It is time for the New Struggle

By Thabo Makgoba Time of article published Jan 13, 2015

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Welcome to the new year. For all of us, although we might not realise it, it could be the most important year of our lives.

This year represents the opportunity to write your own Book of Life. Last year at this time I had hoped that 2014, the 20th anniversary of our democracy, which replaced the inequalities of apartheid, would be a transformational year, a year of rebirth, renaissance of spirit and reconnection with the values of our constitution and our spiritually guided families.

I had prayed that it would be a new beginning when our leaders would awaken from more than a decade of misguided moral navigation – a decade of growing inequality in education, service delivery, health care, economic fairness and, most seriously, the inequality of opportunity, and a decade in which our leaders continued making decisions in the context of “ME” rather than what was best for the nation, the context of “WE”.

Unfortunately for our nation, all one has to do is reread the headlines of South Africa’s media to know that we have lived through another year when our leaders failed to apply values-based decision-making to our nation’s priorities.

We have left 2014 with the majority of our nation still living under the oppression of inequality and corruption.

To me, it seems worse than any biblical disaster.

Corruption is ruining our South Africa. Crooked leaders are betraying every South African. Valueless leaders are pocketing unearned monies, diverting resources from our communities and treating South Africans like a herd of sheep.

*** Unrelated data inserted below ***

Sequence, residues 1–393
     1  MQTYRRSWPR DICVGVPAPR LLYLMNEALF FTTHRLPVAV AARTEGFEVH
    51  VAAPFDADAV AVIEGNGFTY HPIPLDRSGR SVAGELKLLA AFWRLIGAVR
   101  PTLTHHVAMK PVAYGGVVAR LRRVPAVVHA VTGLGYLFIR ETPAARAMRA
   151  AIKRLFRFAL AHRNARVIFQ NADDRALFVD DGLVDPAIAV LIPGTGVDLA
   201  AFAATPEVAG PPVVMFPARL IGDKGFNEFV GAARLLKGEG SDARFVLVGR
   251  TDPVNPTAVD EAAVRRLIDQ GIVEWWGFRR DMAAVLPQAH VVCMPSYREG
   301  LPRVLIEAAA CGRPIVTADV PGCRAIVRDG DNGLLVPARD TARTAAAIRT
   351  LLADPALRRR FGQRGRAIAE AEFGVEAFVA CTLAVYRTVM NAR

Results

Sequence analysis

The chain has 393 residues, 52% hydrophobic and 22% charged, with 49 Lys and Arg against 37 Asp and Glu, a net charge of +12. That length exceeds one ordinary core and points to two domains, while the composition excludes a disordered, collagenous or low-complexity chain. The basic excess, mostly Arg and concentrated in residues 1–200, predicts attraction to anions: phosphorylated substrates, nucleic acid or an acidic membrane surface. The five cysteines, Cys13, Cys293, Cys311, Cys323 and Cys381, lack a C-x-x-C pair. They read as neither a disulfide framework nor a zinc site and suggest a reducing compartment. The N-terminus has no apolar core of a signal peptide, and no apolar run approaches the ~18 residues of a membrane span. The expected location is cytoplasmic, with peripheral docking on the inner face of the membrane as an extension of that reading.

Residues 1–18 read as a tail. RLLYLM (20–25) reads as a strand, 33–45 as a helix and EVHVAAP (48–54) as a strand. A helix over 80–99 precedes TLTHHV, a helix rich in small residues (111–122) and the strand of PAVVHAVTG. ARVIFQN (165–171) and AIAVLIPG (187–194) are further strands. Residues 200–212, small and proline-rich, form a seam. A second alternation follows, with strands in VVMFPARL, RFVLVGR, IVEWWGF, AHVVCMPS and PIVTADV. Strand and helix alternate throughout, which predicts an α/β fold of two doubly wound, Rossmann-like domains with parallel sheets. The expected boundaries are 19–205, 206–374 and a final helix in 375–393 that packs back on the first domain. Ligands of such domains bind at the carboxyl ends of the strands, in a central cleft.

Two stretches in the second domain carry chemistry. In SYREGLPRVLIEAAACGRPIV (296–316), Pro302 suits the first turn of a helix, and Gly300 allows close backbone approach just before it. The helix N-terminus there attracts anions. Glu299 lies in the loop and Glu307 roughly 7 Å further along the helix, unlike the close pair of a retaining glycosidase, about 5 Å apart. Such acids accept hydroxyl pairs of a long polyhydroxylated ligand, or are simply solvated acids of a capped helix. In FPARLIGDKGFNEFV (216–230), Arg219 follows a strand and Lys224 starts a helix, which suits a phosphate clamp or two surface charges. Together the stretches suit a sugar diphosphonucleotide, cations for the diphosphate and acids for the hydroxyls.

And everywhere I travel, more and more South Africans are saying: “We are tired of hearing the promises that are never kept. When will our leaders wake up?”

As a great author once wrote: “In the souls of the people the grapes of wrath are filling and growing heavy, growing heavy for the vintage.”

The wrath of God is a way of saying that I have been living in a way that is contrary to the love that is God. Anyone who begins to live and grow away from God, who lives away from what is good, is turning his life toward wrath. And, clearly, it’s the way our nation’s leaders have been living.

Their decisions have created my excitement about 2015 and why I’m welcoming the new year.

I believe that South Africa is ready to begin the New Struggle. How do I know that?

Everywhere I turn I’m hearing, “We cannot wait any longer!”

We cannot see 2015 as the beginning of a new chapter in our lives – we have to see 2015 as the beginning of a new book.

The first book, the Old Struggle, is closed. For last year’s words belong to last year’s language, and 2015’s words await another voice.

A voice that wants to make an end to inequality and to make a beginning to equality for black, white, coloured, Indian and every other citizen of our great nation.

It’s time for us to come together and begin on page one of what could be the greatest 365-page book in South African history. The story of the New Struggle. The story of the end of inequality.

Let’s not greet the new with a traditional “Happy New Year” because, candidly, for too many in our national community, life is anything but “happy”.

There’s not much that is “happy” when one simply exists. There’s not much that is “happy” in a South Africa teetering under the weight of gross inequalities.

There’s not much that is “happy” in a country that punishes those brave enough to show courage in fighting the pervasiveness of daily corruption.

To join the New Struggle one must have the courage of faith. Faith is taking the first step, even when you can’t see the whole staircase.

Someone once said: “The more we let God take us over, the more truly ourselves we become – because He made us. He invented us. He invented all the different people that you and I were intended to be.